Dev loses copyright appeal over forensic software after judges rule suite was owned by his employer
Did it during work time and got paid for it, affirms Court of Appeal
A Briton has lost an appeal bid to claim copyright over software he wrote for his employer while being handsomely paid for doing so – despite saying he wrote parts of it in his spare time.
Michael Penhallurick had his case thrown out by Court of Appeal judges in London yesterday following his failed attempt to assert copyright over his Virtual Forensic Computing (VFC) suite in the High Court last year.
The former South Yorkshire police worker had claimed VFC was licensed to MD5 Ltd and the company infringed that licence when it stopped paying him sums of money he described as licensing fees, two years after he left MD5.
"The parties' subjective intentions are not relevant to interpretation," observed judge Sir Christopher Floyd. "As a consequence, it can often happen that the objective construction of an agreement does not align perfectly with the subjective intention of either party."
Thus, said Sir Christopher, the words "the software developed at MD5 Ltd by yourself and sold as VFC" in a 2008 agreement between the developer and the company legally meant that copyright over VFC was owned by MD5.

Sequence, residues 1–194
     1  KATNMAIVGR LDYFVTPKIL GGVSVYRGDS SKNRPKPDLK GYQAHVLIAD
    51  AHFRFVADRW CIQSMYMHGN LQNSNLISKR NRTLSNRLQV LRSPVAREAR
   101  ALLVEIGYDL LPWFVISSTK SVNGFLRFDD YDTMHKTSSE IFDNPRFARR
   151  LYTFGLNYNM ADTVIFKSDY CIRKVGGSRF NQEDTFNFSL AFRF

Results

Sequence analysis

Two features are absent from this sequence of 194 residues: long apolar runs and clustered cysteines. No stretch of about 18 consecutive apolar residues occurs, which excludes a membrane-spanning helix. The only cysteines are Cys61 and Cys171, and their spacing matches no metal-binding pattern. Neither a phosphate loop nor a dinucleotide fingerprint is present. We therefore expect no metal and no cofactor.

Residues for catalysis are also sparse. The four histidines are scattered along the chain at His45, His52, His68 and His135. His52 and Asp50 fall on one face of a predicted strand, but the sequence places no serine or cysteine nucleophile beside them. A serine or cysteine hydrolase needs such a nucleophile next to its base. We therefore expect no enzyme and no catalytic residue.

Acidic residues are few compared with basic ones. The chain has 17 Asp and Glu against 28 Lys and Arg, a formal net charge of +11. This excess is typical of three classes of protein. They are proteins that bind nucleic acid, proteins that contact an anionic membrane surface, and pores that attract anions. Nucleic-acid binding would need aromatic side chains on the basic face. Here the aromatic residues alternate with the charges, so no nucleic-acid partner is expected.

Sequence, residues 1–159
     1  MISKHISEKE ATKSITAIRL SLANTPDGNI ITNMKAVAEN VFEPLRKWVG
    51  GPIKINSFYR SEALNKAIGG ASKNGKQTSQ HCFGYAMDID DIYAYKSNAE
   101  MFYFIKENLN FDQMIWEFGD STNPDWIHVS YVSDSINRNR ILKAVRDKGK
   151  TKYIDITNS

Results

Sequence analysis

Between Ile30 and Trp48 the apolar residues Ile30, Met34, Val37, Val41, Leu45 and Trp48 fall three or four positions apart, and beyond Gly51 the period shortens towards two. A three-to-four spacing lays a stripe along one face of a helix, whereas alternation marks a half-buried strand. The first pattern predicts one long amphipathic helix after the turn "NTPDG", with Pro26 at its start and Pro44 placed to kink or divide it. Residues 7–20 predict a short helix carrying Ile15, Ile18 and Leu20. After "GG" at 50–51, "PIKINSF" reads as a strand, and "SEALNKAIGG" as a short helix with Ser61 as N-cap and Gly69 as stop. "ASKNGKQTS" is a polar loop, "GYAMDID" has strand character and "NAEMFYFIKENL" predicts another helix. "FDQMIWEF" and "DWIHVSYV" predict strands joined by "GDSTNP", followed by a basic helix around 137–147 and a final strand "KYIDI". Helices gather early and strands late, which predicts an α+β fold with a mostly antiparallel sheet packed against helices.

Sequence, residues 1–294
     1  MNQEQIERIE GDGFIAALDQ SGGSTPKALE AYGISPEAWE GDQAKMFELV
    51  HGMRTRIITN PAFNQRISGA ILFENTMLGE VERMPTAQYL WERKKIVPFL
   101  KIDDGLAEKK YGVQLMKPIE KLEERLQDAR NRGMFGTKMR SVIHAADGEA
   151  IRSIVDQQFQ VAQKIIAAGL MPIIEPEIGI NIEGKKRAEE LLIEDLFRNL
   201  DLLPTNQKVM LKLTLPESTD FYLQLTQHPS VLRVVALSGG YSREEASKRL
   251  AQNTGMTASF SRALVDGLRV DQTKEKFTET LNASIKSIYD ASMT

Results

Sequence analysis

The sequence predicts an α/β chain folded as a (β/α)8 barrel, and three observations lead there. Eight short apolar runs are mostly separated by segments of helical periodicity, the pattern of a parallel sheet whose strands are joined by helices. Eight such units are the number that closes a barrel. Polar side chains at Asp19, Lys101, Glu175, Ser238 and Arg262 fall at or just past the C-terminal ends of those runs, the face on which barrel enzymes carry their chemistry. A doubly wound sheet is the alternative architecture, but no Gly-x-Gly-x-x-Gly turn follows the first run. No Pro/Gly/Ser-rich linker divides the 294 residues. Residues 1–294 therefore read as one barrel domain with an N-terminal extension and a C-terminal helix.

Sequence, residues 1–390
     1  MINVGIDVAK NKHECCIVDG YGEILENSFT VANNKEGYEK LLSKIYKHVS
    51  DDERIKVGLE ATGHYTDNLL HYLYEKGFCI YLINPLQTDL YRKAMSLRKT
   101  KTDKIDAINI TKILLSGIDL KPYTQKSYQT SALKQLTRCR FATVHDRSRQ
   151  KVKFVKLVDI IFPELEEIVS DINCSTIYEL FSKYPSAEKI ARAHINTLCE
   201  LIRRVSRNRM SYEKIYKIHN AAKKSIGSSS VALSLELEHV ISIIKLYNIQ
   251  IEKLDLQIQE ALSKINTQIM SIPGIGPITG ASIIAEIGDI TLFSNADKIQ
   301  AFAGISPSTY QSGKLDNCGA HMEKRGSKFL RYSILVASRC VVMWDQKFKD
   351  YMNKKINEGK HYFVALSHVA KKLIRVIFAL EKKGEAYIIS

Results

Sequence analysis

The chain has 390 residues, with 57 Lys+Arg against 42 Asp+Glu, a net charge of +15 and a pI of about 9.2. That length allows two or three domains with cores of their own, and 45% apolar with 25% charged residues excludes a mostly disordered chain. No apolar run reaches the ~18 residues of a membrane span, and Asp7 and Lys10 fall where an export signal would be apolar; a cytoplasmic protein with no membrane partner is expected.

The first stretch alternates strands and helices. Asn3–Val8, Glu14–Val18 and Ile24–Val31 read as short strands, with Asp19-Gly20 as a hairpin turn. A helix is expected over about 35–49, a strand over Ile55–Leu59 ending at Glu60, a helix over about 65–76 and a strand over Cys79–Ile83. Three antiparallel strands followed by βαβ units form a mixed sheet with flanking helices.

As previously reported, Penhallurick had been paid 7.5 per cent of VFC's annual sales, with those payments continuing for two years after his 2016 resignation. MD5 successfully argued in the High Court that the money was paid for ongoing support rather than royalties or licensing fees. The lack of a single clear contract resulted in the dispute going to court.
Discussing the 2008 agreement's mention of a "bonus", the Court of Appeal judge ruled: "I see no reason why that bonus should not be taken as valid consideration for the agreement to assign the copyright in such works as vested in the appellant as a result of his continuing work until the appellant left the respondent's employment. Section 91 of the CDPA 1988 would then treat such copyrights as vesting in the respondent by operation of law."
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Praising barrister Nicholas Caddick QC's "ingenious" arguments on Penhallurick's behalf, Sir Christopher rejected them anyway and ruled in MD5's favour, with fellow judges Lord Justice Arnold and Mrs Justice Falk agreeing.
His Honour Judge Hacon, sitting in the High Court, had previously found that everyone at MD5 knew Penhallurick was writing VFC for the company, including creating multiple versions of it, and paying him a cut of the sales as compensation for his work.
As we said previously: if you're a dev working on something of your own, double check your contract of employment. Even if you're doing it mostly in your spare time. ®